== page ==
In 2002, China received a technology transfer from Germany for a 30-km maglev line between downtown Shanghai and the city’s Pudong Airport that would allow trains to travel at 430km/h.

Source: Asia Times

  1. […] to Start Laying Experimental Vacuum Tube Railway Track for 1,000km/h Maglev Trains by Kg Chan for Check Point […]

  2. 9400budlang8406 says

    And our universities are offering more and more useless social degrees.

  3. Meltonmark says

    China and India each produce over 1 million science graduates every year. The West produces 1 million femherroids graduating in Women’s Studies.

  4. Cortizone says

    “The exceptionally high speed means that once operational, a 2,200-km journey from Wuhan to Guangzhou could be reduced to about two hours.”

    Wuhan to Guangzhou is NOT 2200 km, it’s about 1,000 km. If it takes two hours, that’s an average speed of about 500 km/h not 1000 km/h.

    Probably a good idea to get your numbers right BEFORE you publish the article.

    Did you mean Beijing, not Wuhan?

  5. All_has_An _END_. says

    thank god we have AMTRAK LOL

    1. The Globalist says

      The Chines love to ride on the rail system in the US because it gives them a feeling of nostalgia about how it was 30 years ago in China (just kidding).

  6. CHUCKMAN says

    China now has about 30,000 kilometers of high-speed rail, and China is a very mountainous country making such construction far more demanding.

    That represents two-thirds of the world’s total high-speed rail networks.

    The trains are fast compared to ours, but the recently announced announced mag-lev train travels at around 600 kilometers per hour and perhaps more.

    The train will revolutionize travel, likely making Elon Musk’s dingy sewer pipes in the ground irrelevant and eventually eliminating some forms of air travel.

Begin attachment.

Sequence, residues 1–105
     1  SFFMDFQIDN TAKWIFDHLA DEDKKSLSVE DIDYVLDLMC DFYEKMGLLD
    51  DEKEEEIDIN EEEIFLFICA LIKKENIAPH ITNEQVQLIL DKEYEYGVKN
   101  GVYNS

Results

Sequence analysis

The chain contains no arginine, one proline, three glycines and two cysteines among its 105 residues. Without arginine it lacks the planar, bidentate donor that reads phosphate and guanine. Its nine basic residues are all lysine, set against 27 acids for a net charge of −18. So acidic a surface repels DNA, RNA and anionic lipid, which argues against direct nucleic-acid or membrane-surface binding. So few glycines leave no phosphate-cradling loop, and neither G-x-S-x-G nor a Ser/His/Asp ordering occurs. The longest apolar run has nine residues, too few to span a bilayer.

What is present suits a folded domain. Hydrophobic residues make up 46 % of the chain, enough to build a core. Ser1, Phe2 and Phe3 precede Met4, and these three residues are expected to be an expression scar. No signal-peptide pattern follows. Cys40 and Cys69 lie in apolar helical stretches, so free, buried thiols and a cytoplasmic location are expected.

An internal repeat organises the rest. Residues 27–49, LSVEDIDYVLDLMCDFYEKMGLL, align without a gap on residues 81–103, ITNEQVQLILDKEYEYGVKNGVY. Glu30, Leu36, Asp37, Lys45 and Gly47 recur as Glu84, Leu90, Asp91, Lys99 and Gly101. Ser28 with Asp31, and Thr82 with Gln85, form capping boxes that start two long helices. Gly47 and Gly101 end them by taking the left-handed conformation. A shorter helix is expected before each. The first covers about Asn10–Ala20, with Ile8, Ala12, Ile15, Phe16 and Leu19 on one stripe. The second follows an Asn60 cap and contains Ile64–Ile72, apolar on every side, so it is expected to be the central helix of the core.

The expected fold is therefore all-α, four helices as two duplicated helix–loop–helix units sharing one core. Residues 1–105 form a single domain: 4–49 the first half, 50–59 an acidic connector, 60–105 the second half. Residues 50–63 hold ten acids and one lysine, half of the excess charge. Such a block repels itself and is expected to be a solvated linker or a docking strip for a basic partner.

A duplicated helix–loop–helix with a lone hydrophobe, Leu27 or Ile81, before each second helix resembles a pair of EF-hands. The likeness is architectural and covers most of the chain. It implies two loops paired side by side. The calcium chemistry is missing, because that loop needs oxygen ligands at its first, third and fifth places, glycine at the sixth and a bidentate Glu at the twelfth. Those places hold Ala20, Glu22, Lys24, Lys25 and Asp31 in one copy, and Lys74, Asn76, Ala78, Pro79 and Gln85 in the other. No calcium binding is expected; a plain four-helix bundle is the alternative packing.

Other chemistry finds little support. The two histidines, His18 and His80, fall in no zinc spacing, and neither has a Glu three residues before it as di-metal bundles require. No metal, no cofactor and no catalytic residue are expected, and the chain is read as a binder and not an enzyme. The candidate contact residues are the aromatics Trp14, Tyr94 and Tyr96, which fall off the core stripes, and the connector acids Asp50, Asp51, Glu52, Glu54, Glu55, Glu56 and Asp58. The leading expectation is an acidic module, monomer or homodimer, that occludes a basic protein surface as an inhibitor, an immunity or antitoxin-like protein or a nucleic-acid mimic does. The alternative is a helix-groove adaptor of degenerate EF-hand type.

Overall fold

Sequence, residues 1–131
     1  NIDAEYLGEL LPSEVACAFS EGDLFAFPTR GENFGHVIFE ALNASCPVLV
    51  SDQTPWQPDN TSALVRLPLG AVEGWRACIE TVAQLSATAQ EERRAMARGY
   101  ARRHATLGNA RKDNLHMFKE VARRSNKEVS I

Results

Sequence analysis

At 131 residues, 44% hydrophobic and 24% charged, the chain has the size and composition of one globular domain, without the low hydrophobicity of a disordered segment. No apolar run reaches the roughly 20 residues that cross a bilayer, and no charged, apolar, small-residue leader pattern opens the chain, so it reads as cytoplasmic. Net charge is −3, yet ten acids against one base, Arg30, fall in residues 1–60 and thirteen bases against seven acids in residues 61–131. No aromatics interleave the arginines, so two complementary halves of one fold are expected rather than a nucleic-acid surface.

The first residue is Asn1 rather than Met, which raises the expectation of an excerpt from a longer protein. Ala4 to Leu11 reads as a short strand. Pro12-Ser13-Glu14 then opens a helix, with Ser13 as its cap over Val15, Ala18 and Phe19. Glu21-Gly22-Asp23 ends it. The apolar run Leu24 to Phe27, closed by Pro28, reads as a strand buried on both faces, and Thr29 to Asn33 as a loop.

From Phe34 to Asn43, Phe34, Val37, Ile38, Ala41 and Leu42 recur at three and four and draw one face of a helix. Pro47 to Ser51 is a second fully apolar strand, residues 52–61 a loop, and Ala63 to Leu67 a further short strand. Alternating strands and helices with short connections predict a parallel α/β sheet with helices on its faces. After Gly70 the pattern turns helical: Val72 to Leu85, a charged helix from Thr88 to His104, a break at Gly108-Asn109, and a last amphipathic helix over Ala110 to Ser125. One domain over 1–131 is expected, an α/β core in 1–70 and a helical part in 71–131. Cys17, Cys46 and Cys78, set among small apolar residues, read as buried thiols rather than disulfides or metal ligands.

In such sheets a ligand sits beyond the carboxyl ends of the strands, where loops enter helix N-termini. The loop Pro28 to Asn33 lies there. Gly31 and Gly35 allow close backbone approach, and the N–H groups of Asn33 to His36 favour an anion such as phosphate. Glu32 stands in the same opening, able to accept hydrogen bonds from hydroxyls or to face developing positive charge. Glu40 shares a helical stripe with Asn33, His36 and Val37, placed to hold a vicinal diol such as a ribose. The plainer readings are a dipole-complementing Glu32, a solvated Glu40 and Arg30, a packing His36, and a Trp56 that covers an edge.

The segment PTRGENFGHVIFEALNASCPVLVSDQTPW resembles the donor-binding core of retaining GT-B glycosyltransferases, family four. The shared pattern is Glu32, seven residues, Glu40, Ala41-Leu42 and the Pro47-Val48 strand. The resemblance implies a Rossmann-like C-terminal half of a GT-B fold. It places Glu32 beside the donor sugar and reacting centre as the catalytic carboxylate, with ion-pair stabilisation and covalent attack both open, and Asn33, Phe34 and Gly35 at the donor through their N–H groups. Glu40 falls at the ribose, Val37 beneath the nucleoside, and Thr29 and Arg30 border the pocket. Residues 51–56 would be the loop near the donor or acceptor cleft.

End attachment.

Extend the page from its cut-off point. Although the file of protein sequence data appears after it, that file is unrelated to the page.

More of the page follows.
But speaking of flying, China is building more than two hundred new airports its planners calculate will be needed in just over fifteen years.

    I think very few of our people have a grasp on the gigantic achievements going on in China.

    1. The Globalist says

      That is much so. They are such a huge force in the world now.

      But I also have to commend the Japanese for having led the way in connecting most of their major cities with Shinkansen bullet trains over the last 30 years. And the Chinese have followed in the footsteps of the Japanese.

      Chinese tourists are absolutely everywhere in Japan. They are so intrigued by it.

      I’ve taken the Shinkansen maybe 25 times this year and whenever I see one go through the station, I shake my head at the speed and the high level of precision. It has helped so much in connecting everyone in the country. Business men get commuter passes on the trains and go to another city in the am and come back for supper.

      It has made it unnecessary to connect many of the cities by plane, and it is an unusual phenomenon to see a plane in the sky in most of Japan.

      And I also have noted Japan’s integrating of many foreign workers in hotels, restaurants, shops, etc., from Vietnam, Pakistan, and so on, and I see quite a few foreign students at the universities outside Tokyo.